“They will follow the light,’ whispered she; and seizing me again by the hand, she hurried me away in the direction opposite to that which the horse had taken. ‘If you will trust me, I will bring you to shelter,’ she murmured, bending her slight form to the gusty wind but relaxing not a whit of her speed.
“You are too kind,’ I murmured in return. ‘Why should you expose yourself to such an extent for a stranger?’
“Her hand tightened on mine, but she did not reply, and we hastened on as speedily as the wind and rain would allow. After a short but determined breasting of the storm, during which my breath had nearly failed me, she suddenly stopped.
“Do you know,’ she exclaimed in a low impressive tone, ‘that we are on the verge of a steep and dreadful precipice? It runs along here for a quarter of a mile and it is not an uncommon thing for a horse and rider to be dashed over it in a night like this.’
“There was something in her manner that awakened a chill in my veins almost as if she had pointed out some dreadful doom which I had unwittingly escaped.
“This is, then, a dangerous road,’ I murmured.
“Very,’ was her hurried and almost incoherent reply.
“How far we travelled through the mud and tangled grasses of that horrible road I do not know. It seemed a long distance; it was probably not more than three quarters of a mile. At last she paused with a short ‘Here we are;’ and looking up, I saw that we were in front of a small unlighted cottage.
“No refuge ever appeared more welcome to a pair of sinking wanderers I am sure. Wet to the skin, bedrabbled with mud, exhausted with breasting the gale, we stood for a moment under the porch to regain our breath, then with her characteristic energy she lifted the knocker and struck a smart blow on the door.
“We will find shelter here,’ said she.
“She was not mistaken. In a few moments we were standing once more before a comfortable fire hastily built by the worthy couple whose slumbers we had thus interrupted. As I began to realize the sweetness of conscious safety, all that this young, heroic creature had done for me swept warmly across my mind. Looking up from the fire that was beginning to infuse its heat through my grateful system, I surveyed her as she slowly undid her long braids and shook them dry over the blaze, and almost started to see how young she was. Not more than sixteen I should say, and yet what an invincible will shone from her dark eyes and dignified her slender form; a will gentle as it was strong, elevated as it was unbending. I bowed my head as I watched her, in grateful thankfulness which I presently put into words.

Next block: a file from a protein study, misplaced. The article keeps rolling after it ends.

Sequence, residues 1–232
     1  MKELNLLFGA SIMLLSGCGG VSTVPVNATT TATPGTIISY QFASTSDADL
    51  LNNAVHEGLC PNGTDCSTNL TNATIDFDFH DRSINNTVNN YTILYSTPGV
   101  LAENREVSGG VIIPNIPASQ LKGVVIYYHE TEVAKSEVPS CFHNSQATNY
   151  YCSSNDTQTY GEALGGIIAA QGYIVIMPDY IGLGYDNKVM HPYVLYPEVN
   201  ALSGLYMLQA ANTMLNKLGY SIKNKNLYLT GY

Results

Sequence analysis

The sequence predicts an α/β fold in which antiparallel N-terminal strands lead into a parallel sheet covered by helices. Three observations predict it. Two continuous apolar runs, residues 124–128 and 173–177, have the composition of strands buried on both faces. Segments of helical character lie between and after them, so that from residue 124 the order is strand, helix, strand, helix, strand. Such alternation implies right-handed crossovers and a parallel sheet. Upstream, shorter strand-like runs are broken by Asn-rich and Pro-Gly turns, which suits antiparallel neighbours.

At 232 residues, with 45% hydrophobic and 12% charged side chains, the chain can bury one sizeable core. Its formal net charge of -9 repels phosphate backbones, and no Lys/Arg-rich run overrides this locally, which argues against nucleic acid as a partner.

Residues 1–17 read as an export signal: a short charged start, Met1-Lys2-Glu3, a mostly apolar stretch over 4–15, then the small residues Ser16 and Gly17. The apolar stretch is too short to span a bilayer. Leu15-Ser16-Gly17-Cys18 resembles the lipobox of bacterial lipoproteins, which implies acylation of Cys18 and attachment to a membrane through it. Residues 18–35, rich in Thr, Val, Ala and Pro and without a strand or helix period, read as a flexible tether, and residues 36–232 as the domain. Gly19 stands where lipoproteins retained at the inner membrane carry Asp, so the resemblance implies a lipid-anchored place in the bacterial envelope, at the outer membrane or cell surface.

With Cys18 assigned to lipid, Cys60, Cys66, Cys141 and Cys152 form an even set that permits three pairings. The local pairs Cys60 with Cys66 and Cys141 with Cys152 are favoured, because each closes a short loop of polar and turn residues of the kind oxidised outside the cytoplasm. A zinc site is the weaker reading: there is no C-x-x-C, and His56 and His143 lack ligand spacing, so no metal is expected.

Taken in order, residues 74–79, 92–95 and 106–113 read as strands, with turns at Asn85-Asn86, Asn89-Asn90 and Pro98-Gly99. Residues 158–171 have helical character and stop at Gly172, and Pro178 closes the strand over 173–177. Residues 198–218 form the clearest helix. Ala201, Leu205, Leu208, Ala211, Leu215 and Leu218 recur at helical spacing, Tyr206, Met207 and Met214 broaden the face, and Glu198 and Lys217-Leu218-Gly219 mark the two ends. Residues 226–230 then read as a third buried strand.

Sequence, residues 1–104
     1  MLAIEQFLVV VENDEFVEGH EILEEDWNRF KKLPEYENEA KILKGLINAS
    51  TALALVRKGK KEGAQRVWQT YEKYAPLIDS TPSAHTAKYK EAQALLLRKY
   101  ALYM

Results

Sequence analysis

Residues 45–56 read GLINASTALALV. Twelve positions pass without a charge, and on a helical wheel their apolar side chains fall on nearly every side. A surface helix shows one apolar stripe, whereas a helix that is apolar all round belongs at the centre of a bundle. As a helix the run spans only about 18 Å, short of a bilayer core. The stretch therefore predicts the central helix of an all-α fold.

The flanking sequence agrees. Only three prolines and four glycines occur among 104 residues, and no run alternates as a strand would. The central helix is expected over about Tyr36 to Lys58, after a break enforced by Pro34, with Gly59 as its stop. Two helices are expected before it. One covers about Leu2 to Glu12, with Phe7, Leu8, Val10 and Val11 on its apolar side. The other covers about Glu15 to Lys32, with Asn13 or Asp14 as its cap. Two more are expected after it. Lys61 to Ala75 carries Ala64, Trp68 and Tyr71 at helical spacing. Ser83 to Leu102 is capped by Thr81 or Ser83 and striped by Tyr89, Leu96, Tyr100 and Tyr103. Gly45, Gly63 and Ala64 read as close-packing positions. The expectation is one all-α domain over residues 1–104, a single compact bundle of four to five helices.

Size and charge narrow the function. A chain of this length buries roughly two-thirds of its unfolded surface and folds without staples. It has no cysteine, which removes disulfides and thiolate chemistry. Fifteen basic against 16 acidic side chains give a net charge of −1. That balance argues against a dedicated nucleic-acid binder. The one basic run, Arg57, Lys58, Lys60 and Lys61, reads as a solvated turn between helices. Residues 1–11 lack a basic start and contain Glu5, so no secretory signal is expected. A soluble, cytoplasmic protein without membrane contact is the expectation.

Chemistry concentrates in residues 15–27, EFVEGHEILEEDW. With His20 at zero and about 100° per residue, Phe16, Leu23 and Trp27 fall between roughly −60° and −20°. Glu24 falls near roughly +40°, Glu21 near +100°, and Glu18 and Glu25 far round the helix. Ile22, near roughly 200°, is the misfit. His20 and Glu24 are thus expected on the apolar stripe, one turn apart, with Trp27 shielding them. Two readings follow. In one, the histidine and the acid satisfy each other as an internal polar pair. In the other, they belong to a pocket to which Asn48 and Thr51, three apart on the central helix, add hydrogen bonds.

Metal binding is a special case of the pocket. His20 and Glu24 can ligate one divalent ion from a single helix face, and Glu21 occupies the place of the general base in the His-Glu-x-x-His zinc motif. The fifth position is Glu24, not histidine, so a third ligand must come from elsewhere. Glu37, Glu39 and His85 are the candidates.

“At once she drew herself erect. ‘I did but my duty,’ said she quietly. ‘I am glad I was prospered in it.’ Then slowly. ‘If you are grateful, sir, will you promise to say nothing of what took place at the inn?’
“Instantly I remembered a suspicion which had crossed my mind while there, and my hand went involuntarily to my vest pocket. The roll of bills was gone.
“She did not falter. ‘I would be relieved if you would,’ continued she.
“I drew out my empty hand, looked at it, but said nothing.
“Have you lost anything?’ asked she. ‘Search in your overcoat pockets.’
“I plunged my hand into the one nearest her and drew it out with satisfaction; the roll of bills was there. ‘I give you my promise,’ said I.
“You will find a bill missing,’ she murmured; ‘for what amount I do not know; the sacrifice of something was inevitable.’
“I can only wonder over the ingenuity you displayed, as well as express my appreciation for your bravery,’ returned I with enthusiasm. ‘You are a noble girl.’
“She put out her hand as if compliments hurt her. ‘It is the first time they have ever attempted anything like that,’ cried she in a quick low tone full of shame and suffering. ‘They have shown a disposition to take money sometimes, but they never threatened life before. And they did threaten yours. They saw you take out your money, through a hole pierced in the wall of the room you occupied, and the sight made them mad. They were going to kill you and then tumble you and your horse over the precipice below there. But I overheard them talking and when they went out to saddle the horse, I hurried up to your room to wake you. I had to take possession of the bills; you were not safe while you held them. I took them quietly because I hoped to save you without betraying them. But I failed in that. You must remember they are my father and my brother.’
“I will not betray them,’ said I.
“She smiled. It was a wintry gleam but it ineffably softened her face. I became conscious of a movement of pity towards her.
“You have a hard lot,’ remarked I. ‘Your life must be a sad one.’
“She flashed upon me one glance of her dark eye. ‘I was born for hardship,’ said she, ‘but...’ and a sudden wild shudder seized her, ‘but not for crime.’
“The word fell like a drop of blood wrung from her heart.
“Good heavens!’ cried I, ‘and must you’
“No,’ rang from her lips in a clarion-like peal; ‘some things cut the very bonds of nature. I am not called upon to cleave to what will drag me into infamy.’ Then calmly, as if speaking of the most ordinary matter in the world, ‘I shall never go back to that house we have left behind us, sir.’
“But,’ cried I, glancing at her scanty garments, ‘where will you go? What will you do? You are young’
“And very strong,’ she interrupted. ‘Do not fear for me.’ And her smile was like a burst of sudden sunshine.
“I said no more that night.
“But when in the morning I stumbled upon her sitting in the kitchen reading a book not only above her position but beyond her years, a sudden impulse seized me and I asked her if she would like to be educated. The instantaneous illumining of her whole face was sufficient reply without her low emphatic words,